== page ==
Treatment Care & Tips
Still Smoking? Make a Quit Plan Today!
Tobacco is the single largest cause of preventable diseases and deaths in the United States, which is why we should all have a hand in trying to eliminate it for good. One of the keys to a successful quit is preparation. A great way to prepare to quit smoking is to create a quit plan.
- Combine quit smoking strategies to keep you focused, confident, and motivated to quit.
- Help you identify challenges you will face as you quit and ways to overcome them.
- Can improve your chances of quitting smoking for good.
The following five steps will help you to create your own customized quit plan. As you move through the steps, keep a record of your plan and have it readily available during your quit.
Pick a Quit Date
When it comes to choosing a quit date, sooner is better than later. Many smokers choose a date within two weeks to quit smoking. This will give you enough time to prepare. Really think about your quit date. Avoid choosing a day where you know you will be busy, stressed, or tempted to smoke (e.g., a night out with friends or days where you may smoke at work).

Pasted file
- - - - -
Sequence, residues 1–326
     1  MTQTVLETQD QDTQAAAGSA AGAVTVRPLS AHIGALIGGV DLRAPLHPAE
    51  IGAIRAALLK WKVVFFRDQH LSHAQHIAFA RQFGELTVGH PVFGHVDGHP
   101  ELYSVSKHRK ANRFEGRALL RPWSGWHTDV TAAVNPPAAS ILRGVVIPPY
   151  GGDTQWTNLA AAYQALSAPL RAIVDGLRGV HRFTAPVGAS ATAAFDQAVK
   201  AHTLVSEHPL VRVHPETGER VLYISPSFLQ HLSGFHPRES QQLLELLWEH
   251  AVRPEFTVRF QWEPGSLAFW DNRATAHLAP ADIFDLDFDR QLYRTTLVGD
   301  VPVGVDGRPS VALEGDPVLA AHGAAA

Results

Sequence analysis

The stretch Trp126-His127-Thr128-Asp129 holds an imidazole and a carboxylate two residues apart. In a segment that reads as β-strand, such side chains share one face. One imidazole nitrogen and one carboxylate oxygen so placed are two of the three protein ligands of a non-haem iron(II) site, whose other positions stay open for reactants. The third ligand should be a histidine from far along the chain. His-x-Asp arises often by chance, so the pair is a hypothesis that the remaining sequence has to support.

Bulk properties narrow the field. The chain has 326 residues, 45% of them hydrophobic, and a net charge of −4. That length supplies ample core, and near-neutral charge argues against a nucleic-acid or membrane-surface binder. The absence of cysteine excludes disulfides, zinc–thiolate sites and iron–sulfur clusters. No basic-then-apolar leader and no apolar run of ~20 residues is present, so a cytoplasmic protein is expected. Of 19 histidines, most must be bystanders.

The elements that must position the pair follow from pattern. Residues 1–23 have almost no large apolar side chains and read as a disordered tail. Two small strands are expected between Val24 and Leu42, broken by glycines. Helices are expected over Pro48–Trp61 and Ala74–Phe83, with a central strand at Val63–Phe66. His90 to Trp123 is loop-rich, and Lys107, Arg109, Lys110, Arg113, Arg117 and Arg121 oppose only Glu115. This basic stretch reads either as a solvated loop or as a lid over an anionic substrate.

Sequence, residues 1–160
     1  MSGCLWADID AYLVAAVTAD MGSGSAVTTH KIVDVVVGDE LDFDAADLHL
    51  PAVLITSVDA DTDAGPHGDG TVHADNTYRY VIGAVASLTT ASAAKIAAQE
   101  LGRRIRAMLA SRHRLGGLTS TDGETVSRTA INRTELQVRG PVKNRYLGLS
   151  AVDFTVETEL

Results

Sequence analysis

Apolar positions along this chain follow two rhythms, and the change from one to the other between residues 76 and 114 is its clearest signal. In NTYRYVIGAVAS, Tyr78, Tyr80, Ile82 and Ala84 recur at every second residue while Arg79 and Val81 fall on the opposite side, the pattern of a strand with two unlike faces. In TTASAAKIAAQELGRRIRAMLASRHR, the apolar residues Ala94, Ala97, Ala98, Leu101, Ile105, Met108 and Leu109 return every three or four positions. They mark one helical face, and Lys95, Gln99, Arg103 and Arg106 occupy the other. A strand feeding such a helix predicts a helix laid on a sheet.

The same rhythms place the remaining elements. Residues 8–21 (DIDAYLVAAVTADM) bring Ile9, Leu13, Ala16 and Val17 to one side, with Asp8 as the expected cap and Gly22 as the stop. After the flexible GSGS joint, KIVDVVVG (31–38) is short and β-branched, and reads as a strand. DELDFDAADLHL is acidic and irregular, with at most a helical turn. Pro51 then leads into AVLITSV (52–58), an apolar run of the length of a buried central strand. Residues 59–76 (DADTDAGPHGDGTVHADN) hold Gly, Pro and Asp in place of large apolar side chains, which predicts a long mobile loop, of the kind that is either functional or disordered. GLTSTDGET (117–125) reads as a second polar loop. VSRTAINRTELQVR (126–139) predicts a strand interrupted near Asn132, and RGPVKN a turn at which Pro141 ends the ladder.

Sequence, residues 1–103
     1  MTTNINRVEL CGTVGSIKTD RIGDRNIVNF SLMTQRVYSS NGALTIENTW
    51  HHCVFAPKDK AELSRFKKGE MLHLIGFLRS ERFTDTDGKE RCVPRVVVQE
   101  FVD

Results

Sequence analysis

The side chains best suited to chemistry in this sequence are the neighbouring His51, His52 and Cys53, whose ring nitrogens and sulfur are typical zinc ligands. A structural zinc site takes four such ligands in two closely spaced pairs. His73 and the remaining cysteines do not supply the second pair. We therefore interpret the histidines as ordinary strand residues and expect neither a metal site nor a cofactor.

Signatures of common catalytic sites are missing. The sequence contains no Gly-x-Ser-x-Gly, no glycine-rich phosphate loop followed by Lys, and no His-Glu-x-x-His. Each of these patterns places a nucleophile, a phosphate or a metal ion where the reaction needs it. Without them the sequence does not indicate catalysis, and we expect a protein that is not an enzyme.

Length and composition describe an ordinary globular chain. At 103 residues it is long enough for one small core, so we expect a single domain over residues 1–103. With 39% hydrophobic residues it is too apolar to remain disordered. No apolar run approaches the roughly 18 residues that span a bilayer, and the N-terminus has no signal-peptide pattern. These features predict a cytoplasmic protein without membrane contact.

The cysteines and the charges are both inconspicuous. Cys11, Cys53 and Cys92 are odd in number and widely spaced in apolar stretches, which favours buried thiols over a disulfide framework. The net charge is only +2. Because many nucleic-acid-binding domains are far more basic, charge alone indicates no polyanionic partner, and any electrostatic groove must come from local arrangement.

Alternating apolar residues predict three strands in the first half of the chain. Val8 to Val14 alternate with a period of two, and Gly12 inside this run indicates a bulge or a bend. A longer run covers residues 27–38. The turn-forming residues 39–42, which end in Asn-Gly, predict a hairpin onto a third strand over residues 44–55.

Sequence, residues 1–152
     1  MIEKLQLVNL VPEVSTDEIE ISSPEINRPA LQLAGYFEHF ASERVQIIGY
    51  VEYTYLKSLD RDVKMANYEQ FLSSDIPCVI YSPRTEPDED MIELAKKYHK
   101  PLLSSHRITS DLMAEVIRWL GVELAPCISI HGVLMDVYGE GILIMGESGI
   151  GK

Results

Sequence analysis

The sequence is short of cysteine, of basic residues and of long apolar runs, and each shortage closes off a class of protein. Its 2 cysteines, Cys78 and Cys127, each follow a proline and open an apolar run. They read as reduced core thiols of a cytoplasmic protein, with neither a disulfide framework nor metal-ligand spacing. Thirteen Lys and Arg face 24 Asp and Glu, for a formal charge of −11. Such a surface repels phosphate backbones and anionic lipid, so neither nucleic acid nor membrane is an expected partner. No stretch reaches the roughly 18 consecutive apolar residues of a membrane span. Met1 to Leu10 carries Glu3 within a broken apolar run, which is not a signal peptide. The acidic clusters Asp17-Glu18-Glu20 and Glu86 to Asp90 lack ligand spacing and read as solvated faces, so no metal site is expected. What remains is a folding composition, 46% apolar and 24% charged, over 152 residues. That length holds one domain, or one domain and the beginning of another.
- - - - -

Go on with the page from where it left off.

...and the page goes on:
Let Loved Ones Know You Are Quitting
Quitting smoking is easier with support from important people in your life. Let them know ahead of your quit date that you are planning to quit. Explain how they can help you quit. We all need different things, so be sure you let friends and family know exactly how they can help.
Identify Your Reasons to Quit Smoking
Everyone has their own reasons for quitting smoking. Maybe they want to be healthier, save some money, or keep their family safe. As you prepare to quit, think about your own reasons for quitting. Remind yourself of them every day. They can inspire you to stop smoking for good.
Identify Your Smoking Triggers
When you smoke, it becomes tied to many parts of your life. Certain activities, feelings, and people are linked to your smoking. When you come across these things, they may “trigger” or turn on your urge to smoke. Try to anticipate these smoking triggers and develop ways to deal with them.
Develop Coping Strategies
Nicotine is the chemical in cigarettes that makes you addicted to smoking. When you stop smoking, your body has to adjust to no longer having nicotine in its system. This is called withdrawal. Withdrawal can be unpleasant, but you can get through it. Developing strategies to cope with withdrawal ahead of your quit can help ensure you stay smoke-free for good!
Gateway continues to encourage and support our members to quit using tobacco products by providing members with tobacco cessation benefits, education, and additional resources.
If you are thinking about quitting smoking and would like some help, a quitline might be just what you need to succeed. Quitlines provide free coaching—over the phone—to help you quit smoking.
PA QUITLOGIX (ONLINE)